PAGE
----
Every investor would love to stumble upon the perfect stock. But will you ever really find a stock that provides everything you could possibly want?
One thing's for sure: You'll never discover truly great investments unless you actively look for them. Let's discuss the ideal qualities of a perfect stock and then decide whether St. Jude Medical fits the bill.
The quest for perfection
Stocks that look great based on one factor may prove horrible elsewhere, making due diligence a crucial part of your investing research. The best stocks excel in many different areas, including these important factors:
Growth. Expanding businesses show healthy revenue growth. While past growth is no guarantee that revenue will keep rising, it's certainly a better sign than a stagnant top line.
Margins. Higher sales mean nothing if a company can't produce profits from them. Strong margins ensure that company can turn revenue into profit.
Balance sheet. At debt-laden companies, banks and bondholders compete with shareholders for management's attention. Companies with strong balance sheets don't have to worry about the distraction of debt.
Moneymaking opportunities. Return on equity helps measure how well a company is finding opportunities to turn its resources into profitable business endeavors.
Valuation. You can't afford to pay too much for even the best companies. By using normalized figures, you can see how a stock's simple earnings multiple fits into a longer-term context.
Dividends. For tangible proof of profits, a check to shareholders every three months can't be beat. Companies with solid dividends and strong commitments to increasing payouts treat shareholders well.
With those factors in mind, let's take a closer look at St. Jude Medical.
What We Want to See
Pass or Fail?
5-year annual revenue growth > 15%
1-year revenue growth > 12%
Gross margin > 35%
Net margin > 15%
Debt to equity < 50%
Current ratio > 1.3
Return on equity > 15%
Normalized P/E < 20
Current yield > 2%
5-year dividend growth > 10%
5 out of 9
Source: S&P Capital IQ. NM = not meaningful; St. Jude paid its first dividend in March 2011. Total score = number of passes.
Since we looked at St. Jude Medical last year, the company broke its string of 6-point showings and lost a point, as net margins slipped. The stock has also struggled, posting a flat performance over the past year despite generally favorable conditions for the overall stock market.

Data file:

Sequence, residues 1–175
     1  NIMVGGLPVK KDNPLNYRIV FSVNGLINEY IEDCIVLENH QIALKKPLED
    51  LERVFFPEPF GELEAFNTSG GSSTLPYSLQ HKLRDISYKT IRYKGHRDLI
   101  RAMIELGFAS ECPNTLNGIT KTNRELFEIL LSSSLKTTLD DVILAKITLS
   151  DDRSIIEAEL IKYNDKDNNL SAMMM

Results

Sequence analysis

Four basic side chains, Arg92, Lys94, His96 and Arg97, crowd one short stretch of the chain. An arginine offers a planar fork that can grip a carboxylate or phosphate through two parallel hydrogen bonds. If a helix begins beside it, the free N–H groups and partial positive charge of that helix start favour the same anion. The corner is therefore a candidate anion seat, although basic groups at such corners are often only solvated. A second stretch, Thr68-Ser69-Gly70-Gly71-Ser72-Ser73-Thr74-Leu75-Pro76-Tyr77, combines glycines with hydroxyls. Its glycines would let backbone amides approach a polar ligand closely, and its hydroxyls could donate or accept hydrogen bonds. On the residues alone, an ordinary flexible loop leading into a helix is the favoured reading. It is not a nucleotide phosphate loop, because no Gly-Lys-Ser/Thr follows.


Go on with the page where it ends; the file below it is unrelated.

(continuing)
St. Jude had a mixed year in 2012. With landmark events like marketing its Trifecta heart valve in Japan early in the year and marking the first use of its Portico transcatheter heart valve in October, St. Jude has clearly continued to move forward with promising innovations. It continues to do so, moreover, challenging Medtronic in the renal denervation system industry with its EnligHTN system, which St. Jude claims is twice as effective as Medtronic's device in cutting blood pressure.
Yet despite sales gains in Asia, St. Jude's international sales declined overall, with a strong U.S. dollar contributing to economic weakness. Moreover, competition remained fierce, with several peer companies coming out with new device of their own.
St. Jude also suffered a specific setback when its Durata line of defibrillator leads raised concerns from FDA regulators about its manufacturing process. Although St. Jude has promised to deal with these issues, the setback opens the door to rival Boston Scientific to push its Ingevity pacemaker lead as an alternative.
Moreover, analysts have identified potential threats not just to St. Jude but to the entire medical device industry. The medical-device excise tax of 2.3% of total revenue took effect this year, and that could be devastating for St. Jude and its peers. Yet the bigger issue hitting St. Jude and its peers is the idea that medical devices may actually be inferior to drug therapy in generating favorable outcomes for conditions like heart ailments.
For St. Jude to improve, it needs to find ways to get in front of its rivals with more revolutionary products. Otherwise, the decline it suffered could be the first of many steps St. Jude takes to move further away from perfection.
No stock is a sure thing, but some stocks are a lot closer to perfect than others. By looking for the perfect stock, you'll go a long way toward improving your investing prowess and learning how to separate out the best investments from the rest.
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The article Has St. Jude Medical Become the Perfect Stock? originally appeared on Fool.com.
Fool contributor Dan Caplinger has no position in any stocks mentioned. The Motley Fool owns shares of Medtronic and St. Jude Medical. Try any of our Foolish newsletter services free for 30 days. We Fools don't all hold the same opinions, but we all believe that considering a diverse range of insights makes us better investors. The Motley Fool has a disclosure policy.
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